Psychology of Anger
Elana I. Clausen
Nova Science Publishers, 2007 - Psychology - 345 pages
Anger is an emotional state that may range in intensity from mild irritation to intense fury and rage. Anger has physical effects including raising the heart rate and blood pressure and the levels of adrenaline and noradrenaline. Anger is a (physiological and psychological) response to a perceived threat to self or important others, present, past, or future. The threat may appear to be real, discussed, or imagined. Anger is often a response to the perception of threat due to a physical conflict, injustice, negligence, humiliation or betrayal among other contentions. The expression of anger can be through active or passive behaviours. In the case of "active" emotion the angry person "lashes out" verbally or physically at an intended target. When anger is a "passive" emotion it is characterised by silent sulking, passive-aggressive behaviour (hostility) and tension. This new book presents leading-edge research in this field.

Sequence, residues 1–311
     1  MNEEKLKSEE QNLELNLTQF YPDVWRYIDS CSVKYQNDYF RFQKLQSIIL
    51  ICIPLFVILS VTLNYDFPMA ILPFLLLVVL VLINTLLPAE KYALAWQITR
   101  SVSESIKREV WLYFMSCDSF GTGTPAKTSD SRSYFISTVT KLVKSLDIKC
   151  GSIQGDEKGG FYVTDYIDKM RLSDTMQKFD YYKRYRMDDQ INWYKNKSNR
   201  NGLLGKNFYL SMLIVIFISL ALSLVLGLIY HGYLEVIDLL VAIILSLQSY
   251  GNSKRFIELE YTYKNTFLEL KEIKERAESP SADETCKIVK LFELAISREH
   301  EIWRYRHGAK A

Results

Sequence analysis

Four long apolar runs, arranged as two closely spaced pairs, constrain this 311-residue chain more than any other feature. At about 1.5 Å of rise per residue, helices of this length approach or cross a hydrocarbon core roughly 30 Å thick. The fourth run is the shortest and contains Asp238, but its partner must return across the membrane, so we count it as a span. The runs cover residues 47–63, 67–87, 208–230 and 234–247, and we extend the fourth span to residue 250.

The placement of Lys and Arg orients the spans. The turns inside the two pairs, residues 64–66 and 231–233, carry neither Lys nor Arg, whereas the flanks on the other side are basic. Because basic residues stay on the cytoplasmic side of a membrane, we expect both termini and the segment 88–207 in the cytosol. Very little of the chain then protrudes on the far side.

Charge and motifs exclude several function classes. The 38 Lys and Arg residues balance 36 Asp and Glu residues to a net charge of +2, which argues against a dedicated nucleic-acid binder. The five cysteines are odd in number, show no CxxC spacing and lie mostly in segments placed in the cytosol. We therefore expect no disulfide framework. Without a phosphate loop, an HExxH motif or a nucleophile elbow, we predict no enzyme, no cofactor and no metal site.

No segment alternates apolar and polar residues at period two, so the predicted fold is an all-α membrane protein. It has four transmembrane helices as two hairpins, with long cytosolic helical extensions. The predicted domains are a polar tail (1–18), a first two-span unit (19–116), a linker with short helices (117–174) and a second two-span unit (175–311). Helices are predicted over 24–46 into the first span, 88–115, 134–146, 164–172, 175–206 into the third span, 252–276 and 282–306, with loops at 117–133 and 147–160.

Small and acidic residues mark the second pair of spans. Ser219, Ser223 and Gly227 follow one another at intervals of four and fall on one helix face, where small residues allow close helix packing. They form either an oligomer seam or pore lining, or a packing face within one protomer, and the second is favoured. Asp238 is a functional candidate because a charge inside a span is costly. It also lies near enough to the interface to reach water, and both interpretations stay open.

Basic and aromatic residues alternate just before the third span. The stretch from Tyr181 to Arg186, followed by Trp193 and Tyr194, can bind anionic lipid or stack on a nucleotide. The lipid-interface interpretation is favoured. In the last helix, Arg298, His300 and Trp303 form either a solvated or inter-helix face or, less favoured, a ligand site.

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Anger and Cardiovascular Health
Anger and Anger Regulation in Infancy
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